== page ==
fine jewelry is an attractive accent. “helloooo, dahling.” but, who am i kidding? i spent high school in a single-wide, and i wear a Swatch and Chuck Taylors. but more importantly, the problem with fine jewelry, is that it looks like…fine jewelry. the point of a medical ID bracelet is that it’s supposed to scream “look at ME! i’m a medical ID bracelet! and this person is jacked! see me for more info.” cross the platinum and rhodium plated bangle from Tiffany’s off the list.
i decided to go with the silver compartment bracelet. got it home, opened it up, and found that the whole thing was a sham: send in $15 more and get back a little rubber insert with your choice of 2 words printed on it. and the packaging said “water proof;” the only thing that’s impermeable by water is the small rectangle you pay extra for. which you’ll receive by mail in 6-8 weeks. in the meantime, i’ve got an empty metal cabinet on my wrist, held by a chain that’s 3 inches too long. thanks a HEAP.
but i grew up watching the A-Team. and McGuyver. i knew that if you had a garden hose, some propane, a chicken casserole, an empty bucket and an armadillo, you could kick some BUTT! so what then, of this silver bracelet with the large-lettered word “Open” on the front of it (as i said, i lived in a trailer)? what water-resistant thing could i put in there? the seal on the stainless steel cage was DEFINITELY NOT approved for swimming. or showering. or even washing my hands. a friend suggested i write my information on a piece of paper, put the paper in a tiny sealed-up ziplock bag, and keep it enclosed in the bracelet…hmmm…but i was only in the trailer for three years. maybe something else…what would Hannibal do?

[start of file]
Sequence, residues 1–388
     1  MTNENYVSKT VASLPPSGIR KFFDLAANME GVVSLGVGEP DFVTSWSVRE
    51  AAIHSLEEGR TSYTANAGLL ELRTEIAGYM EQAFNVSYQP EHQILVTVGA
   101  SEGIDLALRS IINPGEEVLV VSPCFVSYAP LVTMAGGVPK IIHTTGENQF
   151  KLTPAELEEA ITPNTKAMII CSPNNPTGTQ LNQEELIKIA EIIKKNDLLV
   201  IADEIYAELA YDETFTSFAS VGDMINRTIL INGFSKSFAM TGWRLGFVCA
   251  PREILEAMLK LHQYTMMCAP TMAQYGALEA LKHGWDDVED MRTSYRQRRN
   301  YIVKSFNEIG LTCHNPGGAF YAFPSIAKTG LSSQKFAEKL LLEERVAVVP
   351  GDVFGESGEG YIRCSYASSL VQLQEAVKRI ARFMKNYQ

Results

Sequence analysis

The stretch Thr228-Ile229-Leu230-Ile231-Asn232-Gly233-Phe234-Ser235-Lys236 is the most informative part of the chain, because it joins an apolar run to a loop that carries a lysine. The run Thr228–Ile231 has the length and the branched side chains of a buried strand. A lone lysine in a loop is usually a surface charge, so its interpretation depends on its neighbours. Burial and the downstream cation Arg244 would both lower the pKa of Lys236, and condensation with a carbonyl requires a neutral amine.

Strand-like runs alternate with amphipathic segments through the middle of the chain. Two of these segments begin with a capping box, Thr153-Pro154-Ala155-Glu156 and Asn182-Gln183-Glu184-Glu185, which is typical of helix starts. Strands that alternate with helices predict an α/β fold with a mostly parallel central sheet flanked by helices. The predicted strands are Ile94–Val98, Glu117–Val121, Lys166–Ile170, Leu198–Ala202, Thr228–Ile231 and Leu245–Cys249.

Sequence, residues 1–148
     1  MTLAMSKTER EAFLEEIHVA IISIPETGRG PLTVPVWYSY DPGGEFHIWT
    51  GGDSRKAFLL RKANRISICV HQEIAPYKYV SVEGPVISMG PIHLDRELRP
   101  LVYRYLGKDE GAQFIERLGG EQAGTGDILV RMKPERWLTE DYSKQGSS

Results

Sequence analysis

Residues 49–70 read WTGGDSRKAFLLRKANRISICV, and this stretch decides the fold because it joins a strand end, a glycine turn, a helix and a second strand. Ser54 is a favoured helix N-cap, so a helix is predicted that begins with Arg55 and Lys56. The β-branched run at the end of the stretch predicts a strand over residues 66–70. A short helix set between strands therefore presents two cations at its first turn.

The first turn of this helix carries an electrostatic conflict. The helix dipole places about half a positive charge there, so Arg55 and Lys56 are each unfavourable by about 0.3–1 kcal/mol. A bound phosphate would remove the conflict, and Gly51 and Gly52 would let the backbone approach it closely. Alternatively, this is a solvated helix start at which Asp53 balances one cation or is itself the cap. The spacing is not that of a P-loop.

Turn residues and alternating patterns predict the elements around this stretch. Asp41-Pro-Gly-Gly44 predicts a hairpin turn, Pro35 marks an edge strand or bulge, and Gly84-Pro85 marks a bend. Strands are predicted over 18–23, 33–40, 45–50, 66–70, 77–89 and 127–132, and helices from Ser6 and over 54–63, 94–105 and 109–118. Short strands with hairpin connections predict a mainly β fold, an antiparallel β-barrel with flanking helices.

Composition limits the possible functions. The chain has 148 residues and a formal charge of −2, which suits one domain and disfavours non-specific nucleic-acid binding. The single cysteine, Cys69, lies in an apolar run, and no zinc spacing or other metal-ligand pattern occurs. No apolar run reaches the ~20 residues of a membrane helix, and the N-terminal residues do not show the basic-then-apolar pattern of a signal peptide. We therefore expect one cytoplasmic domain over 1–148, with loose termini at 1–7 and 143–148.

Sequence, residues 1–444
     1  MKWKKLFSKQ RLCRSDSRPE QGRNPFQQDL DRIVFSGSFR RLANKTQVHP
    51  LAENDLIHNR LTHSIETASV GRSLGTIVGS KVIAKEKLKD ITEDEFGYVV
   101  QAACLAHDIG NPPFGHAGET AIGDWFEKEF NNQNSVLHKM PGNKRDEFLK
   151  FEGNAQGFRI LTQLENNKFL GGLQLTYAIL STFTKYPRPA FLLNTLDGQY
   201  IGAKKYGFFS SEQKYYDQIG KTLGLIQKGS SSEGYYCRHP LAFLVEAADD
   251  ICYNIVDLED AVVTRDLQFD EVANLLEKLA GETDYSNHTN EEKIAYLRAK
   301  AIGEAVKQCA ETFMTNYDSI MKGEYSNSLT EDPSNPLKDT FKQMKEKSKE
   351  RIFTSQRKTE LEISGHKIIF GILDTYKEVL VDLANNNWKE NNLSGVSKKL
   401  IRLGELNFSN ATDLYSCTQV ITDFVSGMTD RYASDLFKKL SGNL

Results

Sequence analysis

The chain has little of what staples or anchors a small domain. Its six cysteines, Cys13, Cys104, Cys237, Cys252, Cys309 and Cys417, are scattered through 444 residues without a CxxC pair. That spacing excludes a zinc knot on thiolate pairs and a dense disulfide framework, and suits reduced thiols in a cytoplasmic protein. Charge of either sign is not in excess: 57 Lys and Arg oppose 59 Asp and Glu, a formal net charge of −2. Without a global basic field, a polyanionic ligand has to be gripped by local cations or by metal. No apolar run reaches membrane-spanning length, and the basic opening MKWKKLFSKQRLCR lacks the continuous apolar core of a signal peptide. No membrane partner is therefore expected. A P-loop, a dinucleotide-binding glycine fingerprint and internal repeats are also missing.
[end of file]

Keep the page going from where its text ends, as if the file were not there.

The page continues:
i found a laser engraving place in Glendale. for a few dollars, i convinced them to print all the info i needed in tiny but decipherable text inside the bracelet. next, i had a micro-tool-savy partner in do-it-yourself crime adjust the length of the oversized chain. then i went to a custom jewelry place on Venture Boulevard to have the cheap and unreliable connector rings replaced with ones i could hang from a ledge with. i love it when a plan comes together.
time to put it on. and keep it on.
and so i was wearing it to work. and wearing it at home. and wearing it in the shower. and wearing it while i slept. i didn’t like it–i preferred to remove my proverbial albatross around the neck–or wrist–at home; but that really wasn’t an option… i knew i’d just have to get used to it.
and so it goes…
you wouldn’t look at me and know i have a brain tumor. unless you look at my wrist. then you know something’s not quite right. open it up. it says “brain tumor. seizure risk.” my name. my birthdate. Dr. G’s information. and “see card in wallet for more info.” the plan is to have similar information plus a photo of one of my scans in there. a picture paints a thousand words…
so look at me, and i’m normal. but look at my bracelet, and i’m not. it’s one of the few clues. i hope, few. someone recently made a comment…they said i’d handled this whole ordeal so far with surprising and uncommon imperviousness. maybe they’re right. if so, there are reasons why…